Processing Bias for Aggression Words in Forensic and Nonforensic Samples – Does Internal Dialogue Influence Schematic Algorithmic Thinking Patterns

Samskara is the Sanskrit term for the word 'Schemata'.

Samskara is the Sanskrit term for the word ‘Schemata’.

Salient stimuli that are of concerning consternation toward individuals’ of clinical and nonclinical populations produce specific configurations of bias towards avoidance, vigilance and aggression. Individuals’ with an aggressive disposition may have a predilection towards aggressive and/or violent behavior as has been evidenced in various dot probe and emotional stroop tests. There have been discussions about ecological validity implementing words in dot probe tests and many researchers are now using photographic face stimuli (NIMRID). However, there has been evidence to suggest there is a strong bias towards lexical stimuli due to numerous cognitive traits including individual schema and scripts (Smith and Waterman, 2003). Due to uncertainty of the nature of the dot probe test and its efficacy in a forensic environment, the study will include both; the emotional stroop test and the dot probe test. The study looks at the differences priming aggressively displayed words has on population samples reaction times (RTs) from non-forensic (based on Buss-Perry Aggression Questionnaire) and forensic based (based on their index offence) environments.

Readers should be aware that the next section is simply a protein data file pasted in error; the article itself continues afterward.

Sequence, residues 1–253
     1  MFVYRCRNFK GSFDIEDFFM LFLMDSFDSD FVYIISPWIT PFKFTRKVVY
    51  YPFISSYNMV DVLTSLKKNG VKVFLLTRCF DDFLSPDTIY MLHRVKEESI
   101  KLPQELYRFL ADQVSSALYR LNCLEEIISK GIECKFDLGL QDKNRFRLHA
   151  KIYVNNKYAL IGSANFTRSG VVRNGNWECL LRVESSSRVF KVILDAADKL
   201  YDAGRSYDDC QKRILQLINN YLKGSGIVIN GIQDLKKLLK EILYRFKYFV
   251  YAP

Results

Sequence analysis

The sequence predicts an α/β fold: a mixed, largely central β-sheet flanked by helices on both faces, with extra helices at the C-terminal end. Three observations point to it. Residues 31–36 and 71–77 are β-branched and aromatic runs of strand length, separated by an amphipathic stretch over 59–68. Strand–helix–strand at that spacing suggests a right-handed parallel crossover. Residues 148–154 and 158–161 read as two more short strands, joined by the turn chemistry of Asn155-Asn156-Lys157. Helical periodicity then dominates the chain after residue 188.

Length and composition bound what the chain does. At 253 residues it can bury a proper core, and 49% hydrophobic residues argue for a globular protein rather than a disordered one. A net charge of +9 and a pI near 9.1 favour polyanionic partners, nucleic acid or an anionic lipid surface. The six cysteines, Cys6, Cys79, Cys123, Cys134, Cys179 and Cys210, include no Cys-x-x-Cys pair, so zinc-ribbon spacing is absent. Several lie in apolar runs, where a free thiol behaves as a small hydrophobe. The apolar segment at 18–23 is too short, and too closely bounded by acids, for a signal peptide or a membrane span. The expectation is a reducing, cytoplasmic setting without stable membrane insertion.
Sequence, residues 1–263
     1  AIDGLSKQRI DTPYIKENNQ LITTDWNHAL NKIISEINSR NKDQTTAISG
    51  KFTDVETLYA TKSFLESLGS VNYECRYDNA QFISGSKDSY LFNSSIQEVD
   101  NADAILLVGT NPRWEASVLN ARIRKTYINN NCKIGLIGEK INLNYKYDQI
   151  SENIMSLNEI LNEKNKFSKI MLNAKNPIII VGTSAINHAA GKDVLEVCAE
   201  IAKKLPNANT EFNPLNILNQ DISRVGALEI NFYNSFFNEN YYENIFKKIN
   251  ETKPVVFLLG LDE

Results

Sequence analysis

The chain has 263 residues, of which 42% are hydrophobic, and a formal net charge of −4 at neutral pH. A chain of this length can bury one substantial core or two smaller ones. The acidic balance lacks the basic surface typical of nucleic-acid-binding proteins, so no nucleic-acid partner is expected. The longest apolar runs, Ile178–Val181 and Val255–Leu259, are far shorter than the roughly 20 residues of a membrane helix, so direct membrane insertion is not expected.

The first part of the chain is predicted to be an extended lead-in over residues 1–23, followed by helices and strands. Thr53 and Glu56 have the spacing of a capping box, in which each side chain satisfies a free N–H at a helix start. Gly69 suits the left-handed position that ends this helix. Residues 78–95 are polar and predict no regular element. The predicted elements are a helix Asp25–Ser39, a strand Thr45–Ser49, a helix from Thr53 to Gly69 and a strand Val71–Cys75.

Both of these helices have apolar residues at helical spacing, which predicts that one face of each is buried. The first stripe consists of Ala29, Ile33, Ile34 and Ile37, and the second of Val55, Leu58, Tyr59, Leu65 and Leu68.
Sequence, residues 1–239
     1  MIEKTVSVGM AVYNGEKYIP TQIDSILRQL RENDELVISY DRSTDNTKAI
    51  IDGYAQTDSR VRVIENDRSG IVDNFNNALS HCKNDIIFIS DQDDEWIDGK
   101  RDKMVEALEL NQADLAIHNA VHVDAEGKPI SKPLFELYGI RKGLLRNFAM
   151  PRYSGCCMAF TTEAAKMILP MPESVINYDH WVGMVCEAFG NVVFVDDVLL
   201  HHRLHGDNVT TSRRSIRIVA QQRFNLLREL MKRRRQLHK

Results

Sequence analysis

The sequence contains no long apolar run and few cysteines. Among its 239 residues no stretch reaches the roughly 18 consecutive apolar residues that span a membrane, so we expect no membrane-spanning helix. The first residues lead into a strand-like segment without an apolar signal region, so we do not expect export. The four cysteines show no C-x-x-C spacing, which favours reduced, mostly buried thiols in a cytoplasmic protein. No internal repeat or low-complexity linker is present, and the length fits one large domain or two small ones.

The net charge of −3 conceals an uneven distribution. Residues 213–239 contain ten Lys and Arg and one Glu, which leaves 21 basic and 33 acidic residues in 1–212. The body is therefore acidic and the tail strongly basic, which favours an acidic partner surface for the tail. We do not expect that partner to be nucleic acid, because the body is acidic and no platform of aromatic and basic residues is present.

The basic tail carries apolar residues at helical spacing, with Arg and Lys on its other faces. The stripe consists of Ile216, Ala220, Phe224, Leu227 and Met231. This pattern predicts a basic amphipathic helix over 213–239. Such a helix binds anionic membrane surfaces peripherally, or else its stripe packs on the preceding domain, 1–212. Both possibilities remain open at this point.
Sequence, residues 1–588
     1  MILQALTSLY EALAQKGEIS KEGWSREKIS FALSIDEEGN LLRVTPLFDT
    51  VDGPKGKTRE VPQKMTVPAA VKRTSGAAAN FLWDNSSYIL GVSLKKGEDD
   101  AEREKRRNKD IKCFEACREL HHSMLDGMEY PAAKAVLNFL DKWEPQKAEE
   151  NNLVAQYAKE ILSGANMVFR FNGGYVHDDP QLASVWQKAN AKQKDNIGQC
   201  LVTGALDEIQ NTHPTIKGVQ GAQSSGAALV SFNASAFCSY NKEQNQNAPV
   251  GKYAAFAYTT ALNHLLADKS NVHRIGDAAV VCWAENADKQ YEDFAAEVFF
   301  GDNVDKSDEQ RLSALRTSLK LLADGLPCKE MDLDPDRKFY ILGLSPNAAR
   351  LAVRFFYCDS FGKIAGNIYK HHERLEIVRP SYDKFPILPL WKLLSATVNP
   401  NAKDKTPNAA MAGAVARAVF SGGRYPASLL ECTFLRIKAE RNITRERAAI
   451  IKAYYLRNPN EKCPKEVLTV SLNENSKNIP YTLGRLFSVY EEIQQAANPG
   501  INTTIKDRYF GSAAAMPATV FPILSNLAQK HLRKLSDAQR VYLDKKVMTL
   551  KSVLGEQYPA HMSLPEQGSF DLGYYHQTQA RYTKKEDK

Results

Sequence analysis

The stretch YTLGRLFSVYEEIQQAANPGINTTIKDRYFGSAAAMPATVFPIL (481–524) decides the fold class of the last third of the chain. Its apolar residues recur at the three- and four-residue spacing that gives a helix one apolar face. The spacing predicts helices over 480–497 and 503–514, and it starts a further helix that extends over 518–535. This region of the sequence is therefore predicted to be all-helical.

Historically, the theoretical standpoint of aggression was conservatively seen as instinctively motivational and emotional in terms of frustration. However, not until recent decades has there been an increasingly speculative interest in compounding those constructs whilst honing in on the cognitive processes involved in aggressivity. Anderson and Bushman’s (2002) General Aggression Model (GAM) looks at the situational – as well as predispositional – aspects that influence aggressiveness. They proposed that situational influences operated by activating cognitive structures, and thus, individuals of a predispositional inclination to perceiving aggression (by state or trait), would be especially prone to responding events, however neutral or ambiguous the were.

Subsequently, there has been a wealth of studies that have substantially evidenced that individuals suffering from clinical and non-clinical generalized anxiety disorder (GAD) and Social Phobia (SP) have a predispositional suggestibility towards, both; threatening and emotionally salient stimuli (i.e. social cues such as facial expressions). These biases are considered to be a means of coping with, and reducing anxiety in a social environment and it has been supposed that predicatively salient biases of perception could potentially act as markers for individual cognitive processes in aggressive behaviour (Mathews & MacLeod, 1996; Soren Rislov Staugaard, 2009).